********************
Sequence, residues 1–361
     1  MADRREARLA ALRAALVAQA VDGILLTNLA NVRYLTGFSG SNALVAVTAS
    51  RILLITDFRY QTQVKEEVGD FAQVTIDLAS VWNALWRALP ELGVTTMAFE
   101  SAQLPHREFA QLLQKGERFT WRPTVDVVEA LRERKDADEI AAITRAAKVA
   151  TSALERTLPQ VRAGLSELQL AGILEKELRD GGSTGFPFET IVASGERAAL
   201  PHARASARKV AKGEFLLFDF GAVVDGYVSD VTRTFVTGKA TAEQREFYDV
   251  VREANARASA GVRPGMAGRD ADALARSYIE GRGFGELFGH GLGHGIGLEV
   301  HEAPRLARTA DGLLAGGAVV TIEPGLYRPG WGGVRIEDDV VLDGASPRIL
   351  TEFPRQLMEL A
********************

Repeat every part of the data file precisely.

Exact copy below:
Sequence, residues 1–361
     1  MADRREARLA ALRAALVAQA VDGILLTNLA NVRYLTGFSG SNALVAVTAS
    51  RILLITDFRY QTQVKEEVGD FAQVTIDLAS VWNALWRALP ELGVTTMAFE
   101  SAQLPHREFA QLLQKGERFT WRPTVDVVEA LRERKDADEI AAITRAAKVA
   151  TSALERTLPQ VRAGLSELQL AGILEKELRD GGSTGFPFET IVASGERAAL
   201  PHARASARKV AKGEFLLFDF GAVVDGYVSD VTRTFVTGKA TAEQREFYDV
   251  VREANARASA GVRPGMAGRD ADALARSYIE GRGFGELFGH GLGHGIGLEV
   301  HEAPRLARTA DGLLAGGAVV TIEPGLYRPG WGGVRIEDDV VLDGASPRIL
   351  TEFPRQLMEL A